By Larry Nager
The Cincinnati Enquirer
For less than the price of a new CD you can attend the biggest music festival ever produced in Greater Cincinnati - five days, four stages, 30 national acts and more than 50 local artists.
From Oct. 15-19, the Tall Stacks Music, Arts & Heritage Festival will set up shop on both sides of the Ohio and present top names in bluegrass, blues, folk, gospel and Americana, including Emmylou Harris, Nickel Creek, Lucinda Williams, Ricky Skaggs, Keb' Mo', the Jayhawks, Bo Diddley, the Blind Boys of Alabama and Shawn Colvin.
Admission to all five days of Tall Stacks - or any single day - is a $12 enameled souvenir pin that goes on sale Saturday in the Tristate's 100 Kroger stores. Kroger Plus cardholders receive an additional $2 discount. There is no service charge and children 12 and under will be admitted free.
Tickets are on sale for Tall Stacks cruises and morning tours. About 75 percent of the 117,000 available tickets for the 200 cruises have been sold. Best availability is Wednesday and Thursday (about 20,000 of 25,000 morning boat-tour tickets remain).
Tickets are on sale at the Tall Stacks Store, Tower Place Mall, 10 a.m. to 8 p.m. Monday-Saturday, noon to 5 p.m. Sunday, at tallstacks.com or call (866) 497-8255.
Cruise tickets range from $18 to $75 per person; tour tickets are $18.
Ticket buyers also receive the new Tall Stacks general admission pin good for all five days of the festival.
That "reinvention" changes Tall Stacks from a riverboat festival with some musical accompaniment - an event that, since its inception in 1988, has drawn an older, more family-oriented audience - into a major-league music festival that can compete with such national events as the Bonnaroo roots/jam-band fest in Manchester, Tenn., the New Orleans Jazz & Heritage Festival and the Memphis in May Beale Street Music Festival.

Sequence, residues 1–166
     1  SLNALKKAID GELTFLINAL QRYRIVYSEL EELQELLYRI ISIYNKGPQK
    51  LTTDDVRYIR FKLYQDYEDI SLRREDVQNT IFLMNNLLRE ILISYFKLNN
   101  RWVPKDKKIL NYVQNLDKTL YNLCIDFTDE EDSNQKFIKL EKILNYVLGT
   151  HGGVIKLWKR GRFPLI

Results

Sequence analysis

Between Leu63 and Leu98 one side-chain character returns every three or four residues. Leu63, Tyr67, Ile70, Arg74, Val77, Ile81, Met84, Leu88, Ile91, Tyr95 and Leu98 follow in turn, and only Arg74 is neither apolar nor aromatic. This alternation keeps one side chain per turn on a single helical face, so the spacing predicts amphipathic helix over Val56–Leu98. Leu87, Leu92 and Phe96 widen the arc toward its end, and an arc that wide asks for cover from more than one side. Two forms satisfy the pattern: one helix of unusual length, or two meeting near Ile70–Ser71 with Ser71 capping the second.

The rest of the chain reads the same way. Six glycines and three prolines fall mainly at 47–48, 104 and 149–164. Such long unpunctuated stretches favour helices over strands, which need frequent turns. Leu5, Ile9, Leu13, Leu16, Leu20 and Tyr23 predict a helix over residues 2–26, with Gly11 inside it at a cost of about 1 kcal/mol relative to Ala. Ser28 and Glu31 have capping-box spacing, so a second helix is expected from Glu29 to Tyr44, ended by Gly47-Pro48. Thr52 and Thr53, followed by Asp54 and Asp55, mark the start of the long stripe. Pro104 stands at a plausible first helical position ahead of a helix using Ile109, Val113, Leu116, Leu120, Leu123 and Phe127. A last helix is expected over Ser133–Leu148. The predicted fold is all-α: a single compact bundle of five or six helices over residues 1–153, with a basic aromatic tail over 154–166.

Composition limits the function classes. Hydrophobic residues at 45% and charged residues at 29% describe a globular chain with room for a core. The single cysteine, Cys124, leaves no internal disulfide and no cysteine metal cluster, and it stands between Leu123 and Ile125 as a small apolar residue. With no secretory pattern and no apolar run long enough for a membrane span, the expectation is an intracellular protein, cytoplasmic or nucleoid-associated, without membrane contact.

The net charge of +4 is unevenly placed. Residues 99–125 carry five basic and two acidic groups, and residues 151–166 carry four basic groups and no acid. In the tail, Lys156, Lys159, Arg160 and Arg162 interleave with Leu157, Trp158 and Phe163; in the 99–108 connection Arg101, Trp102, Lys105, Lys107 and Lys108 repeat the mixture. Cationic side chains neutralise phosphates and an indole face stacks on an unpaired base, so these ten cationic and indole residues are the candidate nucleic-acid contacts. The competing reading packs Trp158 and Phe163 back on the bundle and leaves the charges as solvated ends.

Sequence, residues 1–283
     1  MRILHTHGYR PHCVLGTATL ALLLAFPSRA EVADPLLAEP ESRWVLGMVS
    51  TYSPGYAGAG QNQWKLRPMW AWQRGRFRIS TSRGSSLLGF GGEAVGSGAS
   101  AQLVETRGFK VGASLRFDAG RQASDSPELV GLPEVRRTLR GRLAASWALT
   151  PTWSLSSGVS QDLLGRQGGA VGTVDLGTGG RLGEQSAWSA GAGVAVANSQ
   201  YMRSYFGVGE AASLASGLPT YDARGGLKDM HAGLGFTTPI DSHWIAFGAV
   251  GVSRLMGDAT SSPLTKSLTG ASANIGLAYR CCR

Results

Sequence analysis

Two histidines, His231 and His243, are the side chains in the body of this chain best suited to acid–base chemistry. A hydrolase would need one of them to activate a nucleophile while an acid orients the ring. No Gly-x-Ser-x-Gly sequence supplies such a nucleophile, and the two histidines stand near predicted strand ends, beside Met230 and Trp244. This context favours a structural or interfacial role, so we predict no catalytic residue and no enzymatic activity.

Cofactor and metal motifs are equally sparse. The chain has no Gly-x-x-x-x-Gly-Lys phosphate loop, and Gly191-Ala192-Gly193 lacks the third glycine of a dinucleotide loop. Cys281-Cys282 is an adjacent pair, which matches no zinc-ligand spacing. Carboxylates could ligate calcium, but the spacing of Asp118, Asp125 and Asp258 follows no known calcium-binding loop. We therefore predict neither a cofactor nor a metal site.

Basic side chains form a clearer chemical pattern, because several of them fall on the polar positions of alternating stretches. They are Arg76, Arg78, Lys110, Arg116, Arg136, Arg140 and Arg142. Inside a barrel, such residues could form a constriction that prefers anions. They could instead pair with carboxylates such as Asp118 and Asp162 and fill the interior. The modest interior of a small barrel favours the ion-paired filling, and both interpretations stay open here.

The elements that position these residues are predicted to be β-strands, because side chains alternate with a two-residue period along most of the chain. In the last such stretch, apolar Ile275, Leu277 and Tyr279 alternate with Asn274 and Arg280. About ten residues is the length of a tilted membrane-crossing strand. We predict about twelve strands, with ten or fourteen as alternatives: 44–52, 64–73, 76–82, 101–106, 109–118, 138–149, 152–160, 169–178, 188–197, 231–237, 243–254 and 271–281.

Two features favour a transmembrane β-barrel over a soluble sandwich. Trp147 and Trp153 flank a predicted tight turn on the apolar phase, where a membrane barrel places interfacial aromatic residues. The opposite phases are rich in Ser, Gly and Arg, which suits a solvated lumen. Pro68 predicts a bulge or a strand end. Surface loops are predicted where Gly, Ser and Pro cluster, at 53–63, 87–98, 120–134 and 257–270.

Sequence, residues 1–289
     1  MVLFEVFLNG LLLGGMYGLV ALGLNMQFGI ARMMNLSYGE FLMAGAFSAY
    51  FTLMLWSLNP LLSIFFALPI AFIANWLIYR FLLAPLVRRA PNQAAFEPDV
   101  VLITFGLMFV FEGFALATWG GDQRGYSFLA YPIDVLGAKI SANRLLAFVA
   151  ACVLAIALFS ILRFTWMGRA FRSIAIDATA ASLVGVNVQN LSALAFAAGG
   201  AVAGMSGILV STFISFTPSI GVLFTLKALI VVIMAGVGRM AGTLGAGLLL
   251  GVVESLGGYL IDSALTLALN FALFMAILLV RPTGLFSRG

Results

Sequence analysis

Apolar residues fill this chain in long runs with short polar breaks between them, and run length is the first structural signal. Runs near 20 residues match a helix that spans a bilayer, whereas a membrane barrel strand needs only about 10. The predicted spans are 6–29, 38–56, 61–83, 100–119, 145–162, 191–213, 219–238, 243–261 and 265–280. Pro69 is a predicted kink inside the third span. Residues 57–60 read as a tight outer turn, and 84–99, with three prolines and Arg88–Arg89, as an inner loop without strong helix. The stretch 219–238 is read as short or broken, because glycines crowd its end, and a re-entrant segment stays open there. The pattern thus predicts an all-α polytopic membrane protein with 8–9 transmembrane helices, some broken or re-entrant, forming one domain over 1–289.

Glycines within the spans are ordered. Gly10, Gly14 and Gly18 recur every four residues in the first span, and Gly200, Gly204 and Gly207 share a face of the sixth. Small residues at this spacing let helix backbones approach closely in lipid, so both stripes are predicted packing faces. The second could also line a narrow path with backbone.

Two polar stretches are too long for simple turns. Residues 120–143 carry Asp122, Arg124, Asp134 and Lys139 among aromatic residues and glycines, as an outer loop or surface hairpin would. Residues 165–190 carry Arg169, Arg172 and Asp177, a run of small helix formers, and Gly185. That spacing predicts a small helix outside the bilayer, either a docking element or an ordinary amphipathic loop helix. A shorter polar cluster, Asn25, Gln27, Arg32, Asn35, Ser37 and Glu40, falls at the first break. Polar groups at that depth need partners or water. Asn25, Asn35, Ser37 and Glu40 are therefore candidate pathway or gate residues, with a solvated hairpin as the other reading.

"That's unbelievable to have those kinds of entertainers for 10 bucks," said John Elkington, the developer chiefly responsible for the Beale Street revival in Memphis.
"Look at that lineup. All those people are just incredible; the bluegrass with Ricky Skaggs and Nickel Creek, and then you add to that all those blues entertainers and all those other people. You'll get people from all over the country to come to that."
By comparison, three-day advance tickets for this year's Memphis fest - the cheapest of the three festivals mentioned above - cost $44, plus service charges. About 60 national and local artists played in the city's riverfront park over the three days, drawing more than 130,000 people.
The boat element of Tall Stacks hasn't been forgotten, however. It, too, has been expanded, with 200 cruise options ranging from such traditional Tall Stacks fare as history cruises to new, demographic-broadening tickets such as the SpongeBob family cruise or "booze cruises" that offer martini and wine tastings. In addition, every cruise ticket includes a Tall Stacks pin, which gains admittance to the entire five-day festival.
The music will take place on three stages on the Ohio side - the P&G Pavilion at Sawyer Point, a stage at the Public Landing and a new, 2,000-seat tented stage modeled on those at the Memphis and New Orleans fests that will be on the grassy area at Yeatman's Cove.
By day, the tented stage will showcase the Children's Theatre of Cincinnati and other events. A stage near the Newport Levee will be historically themed, but all stages will present music that's part of Cincinnati's river-town heritage, Smith promised. The musical portion of Tall Stacks is being dedicated to the memory of musician and riverboat advocate John Hartford.
The festival faces some challenges, not the least of which is Cincinnati's unpredictable October weather. But if things go well, Smith said the music festival has the potential to be an annual event. The riverboat element of Tall Stacks will continue to be presented every four years.
"The purpose of this year is to make Tall Stacks bigger, better, stabilize it, grow it and provide a foundation for going forward," Smith said. "If the music piece of Tall Stacks is successful, I say, 'Why not continue it?' "
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